Gary Lawless '73
The Gulf of Maine Bookstore on Maine Street in downtown Brunswick is the kind of place where, to paraphrase Robert Frost, when you go there you want to read a book. Gary Lawless ’73 and his partner Beth Leonard opened the store in 1979, and despite the inroads of the Internet and competition from bigger stores, the Gulf of Maine remains a successful and vibrant enterprise.
A nationally recognized poet, Lawless has published 16 collections of poems (12 in the U.S. and four in Italy). A literary Johnny Appleseed, he’s traveled across the country and around the world, reading his poetry, leading workshops, and sharing the wonders of the word in Italy, Slovenia, Lithuania, Latvia, and Cuba. Closer to home, he’s led writing classes for several nontraditional audiences, such as artists with disabilities at Spindleworks in Brunswick, the homeless population at Preble Street in Portland, refugees living in Lewiston and Portland, and war veterans back from Afghanistan and Iraq.
“Poetry gives people on the margins the chance to be respected, tell stories, and join the conversation,” Lawless said.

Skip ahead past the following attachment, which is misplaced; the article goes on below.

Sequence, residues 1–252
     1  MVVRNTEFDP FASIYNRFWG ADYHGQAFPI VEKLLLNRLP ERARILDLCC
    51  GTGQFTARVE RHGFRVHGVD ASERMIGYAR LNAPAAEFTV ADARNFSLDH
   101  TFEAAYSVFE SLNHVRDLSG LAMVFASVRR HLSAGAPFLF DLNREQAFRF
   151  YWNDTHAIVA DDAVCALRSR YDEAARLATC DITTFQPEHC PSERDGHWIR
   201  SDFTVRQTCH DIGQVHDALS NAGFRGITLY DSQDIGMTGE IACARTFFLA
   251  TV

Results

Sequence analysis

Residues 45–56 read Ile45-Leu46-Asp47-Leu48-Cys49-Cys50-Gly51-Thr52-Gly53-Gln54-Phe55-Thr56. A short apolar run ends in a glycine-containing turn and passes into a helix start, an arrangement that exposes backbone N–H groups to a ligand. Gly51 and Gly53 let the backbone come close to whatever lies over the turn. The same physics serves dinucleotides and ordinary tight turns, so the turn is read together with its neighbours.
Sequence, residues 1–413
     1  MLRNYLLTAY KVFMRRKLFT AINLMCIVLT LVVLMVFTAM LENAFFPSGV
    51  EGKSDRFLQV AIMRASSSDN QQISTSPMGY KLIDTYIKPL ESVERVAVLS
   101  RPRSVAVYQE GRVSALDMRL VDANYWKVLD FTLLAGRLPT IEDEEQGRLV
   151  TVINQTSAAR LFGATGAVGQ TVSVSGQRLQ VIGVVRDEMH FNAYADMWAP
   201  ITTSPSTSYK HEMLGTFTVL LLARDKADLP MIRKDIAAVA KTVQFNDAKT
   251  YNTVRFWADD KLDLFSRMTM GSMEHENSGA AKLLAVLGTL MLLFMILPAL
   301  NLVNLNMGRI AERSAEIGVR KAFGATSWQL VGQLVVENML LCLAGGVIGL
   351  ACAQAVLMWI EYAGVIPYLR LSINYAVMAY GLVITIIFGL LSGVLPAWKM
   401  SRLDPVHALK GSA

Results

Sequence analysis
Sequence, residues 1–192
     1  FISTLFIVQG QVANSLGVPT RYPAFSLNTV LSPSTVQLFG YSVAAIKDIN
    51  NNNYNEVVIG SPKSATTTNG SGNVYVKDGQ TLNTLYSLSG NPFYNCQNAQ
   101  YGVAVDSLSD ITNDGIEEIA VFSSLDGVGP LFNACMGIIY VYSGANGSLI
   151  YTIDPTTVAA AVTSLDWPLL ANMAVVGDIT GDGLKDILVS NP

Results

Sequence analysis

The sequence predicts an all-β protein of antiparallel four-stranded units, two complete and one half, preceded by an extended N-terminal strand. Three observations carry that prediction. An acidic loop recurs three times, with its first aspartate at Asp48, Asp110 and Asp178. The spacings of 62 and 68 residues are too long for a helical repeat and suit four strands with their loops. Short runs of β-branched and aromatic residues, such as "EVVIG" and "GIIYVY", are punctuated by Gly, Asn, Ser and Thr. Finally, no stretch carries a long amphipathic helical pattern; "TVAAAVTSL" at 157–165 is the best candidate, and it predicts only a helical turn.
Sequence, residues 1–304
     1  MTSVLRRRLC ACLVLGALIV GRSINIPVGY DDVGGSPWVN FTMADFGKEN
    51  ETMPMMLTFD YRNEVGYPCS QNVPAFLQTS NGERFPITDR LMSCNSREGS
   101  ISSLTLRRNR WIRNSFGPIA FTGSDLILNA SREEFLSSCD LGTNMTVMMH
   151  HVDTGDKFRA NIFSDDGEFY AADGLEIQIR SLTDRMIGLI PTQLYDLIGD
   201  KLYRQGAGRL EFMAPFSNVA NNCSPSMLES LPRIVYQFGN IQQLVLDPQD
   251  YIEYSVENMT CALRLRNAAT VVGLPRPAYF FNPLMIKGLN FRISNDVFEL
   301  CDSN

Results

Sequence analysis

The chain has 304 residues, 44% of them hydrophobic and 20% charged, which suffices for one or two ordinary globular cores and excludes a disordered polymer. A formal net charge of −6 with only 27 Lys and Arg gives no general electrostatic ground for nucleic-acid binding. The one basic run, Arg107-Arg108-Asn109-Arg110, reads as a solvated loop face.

He began his own “conversation” in Belfast, Maine, where he grew up two doors down from the city library and was one of its most frequent patrons. At Colby he worked in Miller Library (“A real treasure trove,” he said) and was co-editor of the Pequod
, the literary magazine.
Lawless’s literary life has included seeing the poet W.H. Auden read at Colby in sweatshirt and slippers and a stay in the home of poet Gary Snyder in northern California, where he was Snyder’s apprentice. Lawless met many renowned Beat poets at Snyder’s house and saw his mentor’s star rise when Snyder won the Pulitzer Prize the following year.
“Words for me are living entities,” Lawless said, and he has built his life around them, both in his own writing, his teaching, and in his bookshop, where fellow lovers of language gather.
“There’s lots of good reason for hope,” he said, “with so much good art and music being created around the world.”